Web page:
Justin's Pipeline Blues
February 11, 2018 • Leave a Comment
It’s an early West Coast morning….cold, wet and dark. I’m on my way to Prime Minister Justin Trudeau’s (PMJT's) Town Hall meeting at Vancouver Island University (VIU) in Nanaimo.
It has been a busy week in pipeline politics, the National Energy Board hearings in Burnaby, a review into the clean up of bitumen just announced by Horgan’s government, Alberta’s Notley threatening legal action and boycotting BC wines and Trudeau’s announcement from Edmonton that the pipeline will be built! We’re glued to CBC’s On The Island, awaiting the Friday panel to see what they have to say about the topic, and just finished listening to Trudeau’s CBC interview. I’m working on my third cup of coffee, which probably isn’t a good idea with over two hours of standing in line!
We thread our way down the hill, and there is already a long line of people waiting for the 9:00 am door opening, it’s wrapped around the cafeteria and heading for the media entrance to the gym. PMJT’s dark suits are already clearing the parking area at the rear of the gym, and it’s soon after we’re directed to move the line up the hill. I’m off shooting photos and talking with the crowd. It’s a mix of young and old, many students have taken a day off of school, a large mix of young people who have taken a day off of work and older protestors who have been out many times before.
The illegitimate blues, no Press Pass for you!
I meet up with two other photographer’s who don’t have press passes, so we’re off to the Press table to check out the process. The place is already filling up, mostly with video journalists, we follow the CBC crew in, but don’t get past the first gate. I sign in as a freelancer and register using my brokenfish Photography card and show my driver’s licence. We head off to clear with PMJT’s black suit, armed with a laptop and radio. “Not the legitimate press," he says, no pass for you. But he does have a sense of humour, I ask about getting my camera in through the door, he says “let me speak to my wrist” and calls over to the main admissions desk. He cleared that for me and the Nikon gets a yellow band on the strap. I look around, and one of us is missing, she got through the line!
Back in the line, and it’s much longer now, it seems to snake on forever into the mist rolling down the hill. And at 9:00 am, things start to move and just after 10:00, I’m into the gym.
The wait begins.. And it’s a déjà vu moment, I’m sitting in a high school volleyball tournament - Elton John’s Crocodile Rock is being pumped over the speakers, the bass is pounding, there are students dressed in their team jerseys. You can see the set up for the floor from the photos. When we first came through the door, I saw empty seats on the floor, but didn’t notice the reserved signs on the posts. Most of the floor was reserved seating, except for the area under the flag. That may change for future town halls, you’ll see why by the photos. We’re soon directed off of the floor, no wandering around, find a seat and stay there. We’re in the cheap seats, about half way up the far side bleachers. I do some quick math, and there’s room for 1400. Then the waiting begins…. and drags on. I start to make notes and check out the audience.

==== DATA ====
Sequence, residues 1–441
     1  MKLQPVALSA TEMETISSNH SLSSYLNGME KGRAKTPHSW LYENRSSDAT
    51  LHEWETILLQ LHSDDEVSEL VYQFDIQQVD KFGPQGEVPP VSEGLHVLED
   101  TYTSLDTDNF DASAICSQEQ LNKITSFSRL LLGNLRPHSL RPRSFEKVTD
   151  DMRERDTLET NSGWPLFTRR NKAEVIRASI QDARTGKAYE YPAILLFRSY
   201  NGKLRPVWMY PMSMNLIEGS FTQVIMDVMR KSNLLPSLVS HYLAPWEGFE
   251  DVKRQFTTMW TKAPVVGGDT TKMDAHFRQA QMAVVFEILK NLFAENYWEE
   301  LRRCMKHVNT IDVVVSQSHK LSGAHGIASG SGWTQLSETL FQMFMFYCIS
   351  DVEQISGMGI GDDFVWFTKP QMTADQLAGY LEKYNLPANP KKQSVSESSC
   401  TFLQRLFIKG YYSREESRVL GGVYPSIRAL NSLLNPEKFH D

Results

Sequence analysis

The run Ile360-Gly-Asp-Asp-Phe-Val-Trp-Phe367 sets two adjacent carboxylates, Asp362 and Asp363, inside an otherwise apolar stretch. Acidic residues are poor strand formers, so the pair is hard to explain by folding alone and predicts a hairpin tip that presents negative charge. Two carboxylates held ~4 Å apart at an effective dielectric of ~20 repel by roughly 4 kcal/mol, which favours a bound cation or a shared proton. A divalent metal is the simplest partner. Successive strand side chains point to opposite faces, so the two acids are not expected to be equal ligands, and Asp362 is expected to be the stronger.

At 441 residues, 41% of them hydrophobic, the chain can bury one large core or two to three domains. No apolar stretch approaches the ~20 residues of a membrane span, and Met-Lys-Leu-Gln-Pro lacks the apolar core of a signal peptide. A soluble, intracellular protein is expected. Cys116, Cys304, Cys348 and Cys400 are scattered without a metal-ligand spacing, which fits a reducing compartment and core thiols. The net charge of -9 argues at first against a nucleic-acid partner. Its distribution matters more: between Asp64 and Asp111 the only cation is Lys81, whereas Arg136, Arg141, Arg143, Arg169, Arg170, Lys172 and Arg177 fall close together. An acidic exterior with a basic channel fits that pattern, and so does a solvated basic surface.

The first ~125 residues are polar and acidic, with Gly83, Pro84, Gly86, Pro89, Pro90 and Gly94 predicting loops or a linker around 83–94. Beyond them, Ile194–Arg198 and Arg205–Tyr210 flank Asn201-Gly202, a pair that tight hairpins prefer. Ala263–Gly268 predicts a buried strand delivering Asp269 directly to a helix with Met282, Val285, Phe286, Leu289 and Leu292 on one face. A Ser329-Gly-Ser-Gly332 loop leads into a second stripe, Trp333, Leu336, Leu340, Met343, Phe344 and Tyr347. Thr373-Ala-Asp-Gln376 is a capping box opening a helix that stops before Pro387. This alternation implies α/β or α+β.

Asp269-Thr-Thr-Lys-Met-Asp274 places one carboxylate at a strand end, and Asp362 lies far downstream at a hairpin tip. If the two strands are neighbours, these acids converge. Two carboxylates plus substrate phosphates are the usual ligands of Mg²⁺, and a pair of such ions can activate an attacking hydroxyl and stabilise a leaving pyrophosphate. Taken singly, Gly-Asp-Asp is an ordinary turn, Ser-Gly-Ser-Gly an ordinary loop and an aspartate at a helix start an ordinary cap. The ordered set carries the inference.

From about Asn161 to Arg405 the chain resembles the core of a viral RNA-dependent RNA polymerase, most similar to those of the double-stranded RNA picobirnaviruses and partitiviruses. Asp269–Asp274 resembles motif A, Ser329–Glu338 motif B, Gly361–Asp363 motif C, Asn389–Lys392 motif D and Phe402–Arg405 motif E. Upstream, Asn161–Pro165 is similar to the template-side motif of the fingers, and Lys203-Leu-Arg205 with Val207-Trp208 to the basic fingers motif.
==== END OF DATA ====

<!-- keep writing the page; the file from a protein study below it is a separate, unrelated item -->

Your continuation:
Sitting under the flag is a large contingent of First Nations, a mix of young and old. Many carrying drums and a few dressed in ceremonial blankets and hats. I spot Chief Bill Cranmer, hereditary chief of the 'Namgis First Nation and a small group of Elders talking quietly, there’s a lively group in the opposite corner, it’s Harjit Sajjan Minister of Defence, showing that it’s not just PMJT that works the selfies, and Jody Wilson-Raybould - Minister of Justice. She’s the MC.
I introduce myself to my seat mates, they’re two fishers that work on The Osprey a large fishing vessel that docks in Port Hardy and sitting below me a few rows down is a former leadership student, I think, and it’s not until the event is over that I catch up to say hello. There’s starting to be more action on the floor, six more bleachers are pulled out, announcements made about staying in your seat, apologies for not starting on time, but we’re never told why. Turns out PMJT’s flight is weather delayed in Vancouver. I didn’t think he’d overnight in Nanaimo.